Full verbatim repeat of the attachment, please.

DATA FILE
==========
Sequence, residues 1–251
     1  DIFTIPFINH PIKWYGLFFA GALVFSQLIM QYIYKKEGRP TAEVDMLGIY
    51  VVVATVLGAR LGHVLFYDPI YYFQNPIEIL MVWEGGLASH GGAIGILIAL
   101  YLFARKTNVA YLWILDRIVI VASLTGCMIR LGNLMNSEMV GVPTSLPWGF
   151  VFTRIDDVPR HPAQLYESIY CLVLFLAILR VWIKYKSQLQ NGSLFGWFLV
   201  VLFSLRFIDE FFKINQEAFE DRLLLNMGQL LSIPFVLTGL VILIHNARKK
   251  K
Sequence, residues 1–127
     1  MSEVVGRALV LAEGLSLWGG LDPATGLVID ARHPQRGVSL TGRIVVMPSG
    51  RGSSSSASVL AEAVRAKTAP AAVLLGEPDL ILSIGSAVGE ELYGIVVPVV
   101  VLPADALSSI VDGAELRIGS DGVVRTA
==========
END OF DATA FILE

Sequence, residues 1–251
     1  DIFTIPFINH PIKWYGLFFA GALVFSQLIM QYIYKKEGRP TAEVDMLGIY
    51  VVVATVLGAR LGHVLFYDPI YYFQNPIEIL MVWEGGLASH GGAIGILIAL
   101  YLFARKTNVA YLWILDRIVI VASLTGCMIR LGNLMNSEMV GVPTSLPWGF
   151  VFTRIDDVPR HPAQLYESIY CLVLFLAILR VWIKYKSQLQ NGSLFGWFLV
   201  VLFSLRFIDE FFKINQEAFE DRLLLNMGQL LSIPFVLTGL VILIHNARKK
   251  K
Sequence, residues 1–127
     1  MSEVVGRALV LAEGLSLWGG LDPATGLVID ARHPQRGVSL TGRIVVMPSG
    51  RGSSSSASVL AEAVRAKTAP AAVLLGEPDL ILSIGSAVGE ELYGIVVPVV
   101  VLPADALSSI VDGAELRIGS DGVVRTA